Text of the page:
Chronic Fatigue Syndrome in Psychiatric Patients: Lifetime and Premorbid Personal History of Physical Health

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This preliminary report compares a group of chronic fatigue syndrome (CFS) patients and controls on several variables of potential significance in the etiology of CFS.


The lifetime prevalence of reported physical disorders was compared among 46 CFS psychiatric patients, 92 relatively physically healthy psychiatric patients (C-I), and 46 psychiatric patients selected without regard to physical health (C-II). All patients were matched on age, sex, and psychiatric diagnosis and were drawn from the same psychiatric practice. The same groups were compared on a 7-point scale of lifetime physical health by three raters independently evaluating physical health narratives of the CFS patients up to the time of onset of CFS and that of the controls up to the corresponding age.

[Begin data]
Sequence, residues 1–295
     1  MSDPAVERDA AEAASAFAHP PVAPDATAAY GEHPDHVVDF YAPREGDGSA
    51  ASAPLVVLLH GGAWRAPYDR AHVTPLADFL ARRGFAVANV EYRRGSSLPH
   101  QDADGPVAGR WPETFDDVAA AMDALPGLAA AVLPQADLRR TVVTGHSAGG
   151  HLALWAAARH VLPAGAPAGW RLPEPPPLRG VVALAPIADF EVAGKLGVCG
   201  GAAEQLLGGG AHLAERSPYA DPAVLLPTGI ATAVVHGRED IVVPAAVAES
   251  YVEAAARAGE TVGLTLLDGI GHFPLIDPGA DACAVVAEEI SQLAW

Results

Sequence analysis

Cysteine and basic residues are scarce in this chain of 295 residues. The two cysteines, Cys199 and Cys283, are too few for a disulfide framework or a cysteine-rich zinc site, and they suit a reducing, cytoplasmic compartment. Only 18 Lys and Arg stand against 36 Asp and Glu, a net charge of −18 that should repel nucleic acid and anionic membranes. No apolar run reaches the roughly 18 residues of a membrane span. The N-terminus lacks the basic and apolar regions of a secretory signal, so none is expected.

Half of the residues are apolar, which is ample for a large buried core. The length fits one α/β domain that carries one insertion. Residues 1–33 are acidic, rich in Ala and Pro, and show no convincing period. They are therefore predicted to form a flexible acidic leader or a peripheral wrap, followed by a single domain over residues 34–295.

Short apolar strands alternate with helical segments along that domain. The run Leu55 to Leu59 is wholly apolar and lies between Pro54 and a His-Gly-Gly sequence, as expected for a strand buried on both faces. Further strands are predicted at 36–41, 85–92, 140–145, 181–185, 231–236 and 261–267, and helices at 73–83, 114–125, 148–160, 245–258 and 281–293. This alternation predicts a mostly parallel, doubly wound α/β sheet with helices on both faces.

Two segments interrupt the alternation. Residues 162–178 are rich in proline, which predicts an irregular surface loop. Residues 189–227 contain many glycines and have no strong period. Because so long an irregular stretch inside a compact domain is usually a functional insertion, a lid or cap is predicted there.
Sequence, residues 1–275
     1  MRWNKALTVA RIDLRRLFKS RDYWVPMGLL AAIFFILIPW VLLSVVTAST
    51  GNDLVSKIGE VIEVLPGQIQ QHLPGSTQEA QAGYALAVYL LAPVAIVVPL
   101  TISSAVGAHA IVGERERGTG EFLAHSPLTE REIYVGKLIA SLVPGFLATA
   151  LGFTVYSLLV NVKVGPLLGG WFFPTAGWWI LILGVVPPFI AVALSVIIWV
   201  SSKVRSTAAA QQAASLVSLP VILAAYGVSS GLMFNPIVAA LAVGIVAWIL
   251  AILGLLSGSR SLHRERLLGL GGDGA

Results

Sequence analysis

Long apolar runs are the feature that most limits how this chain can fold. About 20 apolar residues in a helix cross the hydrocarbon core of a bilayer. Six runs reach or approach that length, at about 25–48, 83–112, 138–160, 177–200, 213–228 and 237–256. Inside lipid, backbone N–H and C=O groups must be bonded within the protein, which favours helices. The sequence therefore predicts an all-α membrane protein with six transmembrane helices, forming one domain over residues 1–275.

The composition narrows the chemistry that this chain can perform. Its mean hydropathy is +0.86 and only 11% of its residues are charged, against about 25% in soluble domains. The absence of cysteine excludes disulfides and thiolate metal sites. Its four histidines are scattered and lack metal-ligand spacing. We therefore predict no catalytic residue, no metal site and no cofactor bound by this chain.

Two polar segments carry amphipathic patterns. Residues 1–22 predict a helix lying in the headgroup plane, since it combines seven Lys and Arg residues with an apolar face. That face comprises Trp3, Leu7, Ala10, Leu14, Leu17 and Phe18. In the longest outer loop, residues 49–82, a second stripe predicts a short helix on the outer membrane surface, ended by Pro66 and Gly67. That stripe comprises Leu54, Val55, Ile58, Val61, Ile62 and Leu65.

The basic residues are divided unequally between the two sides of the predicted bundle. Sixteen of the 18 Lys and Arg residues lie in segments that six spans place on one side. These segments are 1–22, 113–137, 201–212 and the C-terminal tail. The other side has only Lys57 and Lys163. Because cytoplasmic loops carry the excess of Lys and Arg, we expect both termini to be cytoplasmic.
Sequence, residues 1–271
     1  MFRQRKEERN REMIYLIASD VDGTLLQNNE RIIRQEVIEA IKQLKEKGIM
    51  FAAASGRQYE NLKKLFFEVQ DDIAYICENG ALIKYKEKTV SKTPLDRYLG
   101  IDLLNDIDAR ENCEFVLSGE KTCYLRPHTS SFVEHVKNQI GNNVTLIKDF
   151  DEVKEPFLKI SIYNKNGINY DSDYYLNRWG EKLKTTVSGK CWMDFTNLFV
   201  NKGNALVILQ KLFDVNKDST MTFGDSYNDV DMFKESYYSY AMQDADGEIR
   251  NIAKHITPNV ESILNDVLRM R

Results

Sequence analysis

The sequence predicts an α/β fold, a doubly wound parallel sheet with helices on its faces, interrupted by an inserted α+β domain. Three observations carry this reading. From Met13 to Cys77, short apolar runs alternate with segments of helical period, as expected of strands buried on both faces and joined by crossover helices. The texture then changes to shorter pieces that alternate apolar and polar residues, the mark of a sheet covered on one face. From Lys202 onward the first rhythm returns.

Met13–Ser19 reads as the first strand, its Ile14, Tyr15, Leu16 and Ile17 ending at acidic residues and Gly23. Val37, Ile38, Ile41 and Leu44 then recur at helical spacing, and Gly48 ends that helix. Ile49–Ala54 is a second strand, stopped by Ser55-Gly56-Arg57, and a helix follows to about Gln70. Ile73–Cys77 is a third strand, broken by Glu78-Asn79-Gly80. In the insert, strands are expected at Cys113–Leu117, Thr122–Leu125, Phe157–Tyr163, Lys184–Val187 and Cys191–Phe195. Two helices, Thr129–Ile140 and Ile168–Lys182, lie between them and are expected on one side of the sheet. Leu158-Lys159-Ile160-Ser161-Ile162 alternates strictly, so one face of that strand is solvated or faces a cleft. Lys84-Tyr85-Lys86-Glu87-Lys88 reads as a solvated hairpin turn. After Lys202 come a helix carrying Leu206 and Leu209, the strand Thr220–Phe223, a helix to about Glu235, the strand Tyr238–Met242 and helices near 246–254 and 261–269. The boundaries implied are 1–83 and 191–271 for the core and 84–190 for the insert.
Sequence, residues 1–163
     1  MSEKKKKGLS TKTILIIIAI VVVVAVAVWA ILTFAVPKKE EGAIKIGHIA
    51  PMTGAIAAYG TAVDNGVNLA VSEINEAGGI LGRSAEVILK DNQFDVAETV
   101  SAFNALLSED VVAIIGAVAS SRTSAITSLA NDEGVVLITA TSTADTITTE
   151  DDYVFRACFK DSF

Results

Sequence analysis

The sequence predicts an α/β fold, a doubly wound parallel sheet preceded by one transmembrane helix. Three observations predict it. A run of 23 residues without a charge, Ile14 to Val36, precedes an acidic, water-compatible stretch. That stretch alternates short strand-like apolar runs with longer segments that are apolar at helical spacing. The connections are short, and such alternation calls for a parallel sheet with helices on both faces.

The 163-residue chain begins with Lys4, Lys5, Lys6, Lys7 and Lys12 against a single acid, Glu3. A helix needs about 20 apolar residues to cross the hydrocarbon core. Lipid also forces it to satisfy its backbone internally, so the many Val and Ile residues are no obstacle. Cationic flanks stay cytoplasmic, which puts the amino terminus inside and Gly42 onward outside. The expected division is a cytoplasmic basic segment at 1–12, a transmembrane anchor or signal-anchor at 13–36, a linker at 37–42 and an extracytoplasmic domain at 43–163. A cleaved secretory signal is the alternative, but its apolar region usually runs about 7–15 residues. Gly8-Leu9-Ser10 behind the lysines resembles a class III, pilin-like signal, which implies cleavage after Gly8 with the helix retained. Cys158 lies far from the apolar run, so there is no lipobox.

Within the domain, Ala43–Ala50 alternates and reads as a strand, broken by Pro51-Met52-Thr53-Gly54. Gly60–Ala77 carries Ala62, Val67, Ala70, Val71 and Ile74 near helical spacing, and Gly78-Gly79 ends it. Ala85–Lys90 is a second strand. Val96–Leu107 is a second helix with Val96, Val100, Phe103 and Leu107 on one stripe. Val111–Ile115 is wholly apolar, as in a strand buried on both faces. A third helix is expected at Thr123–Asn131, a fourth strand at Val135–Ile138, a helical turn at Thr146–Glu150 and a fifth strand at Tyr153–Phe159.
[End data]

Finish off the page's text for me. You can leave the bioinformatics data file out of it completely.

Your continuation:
The CFS patients had a significantly higher reported lifetime prevalence of irritable bowel syndrome (IBS), infectious mononucleosis-like syndromes (IM), infectious mononucleosis-like syndromes two or more times (IM x 2), and herpes (other than genital or perioral herpes) than one or both control groups. The CFS group also had a higher incidence of allergic rhinitis or asthma, IBS, IM, and IM x 2 than the combined controls. On the independent ratings, the CFS patients had significantly more impaired physical health up to the time of onset of the CFS than C-I at a comparable age.


The findings suggest that a general health factor may be involved in the pathogenesis of some cases of CFS.

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